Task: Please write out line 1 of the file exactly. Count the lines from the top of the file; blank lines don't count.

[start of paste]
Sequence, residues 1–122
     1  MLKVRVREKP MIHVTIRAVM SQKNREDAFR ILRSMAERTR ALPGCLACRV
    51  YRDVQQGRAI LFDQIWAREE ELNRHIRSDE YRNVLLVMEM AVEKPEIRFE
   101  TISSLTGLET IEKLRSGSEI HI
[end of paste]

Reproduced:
Sequence, residues 1–122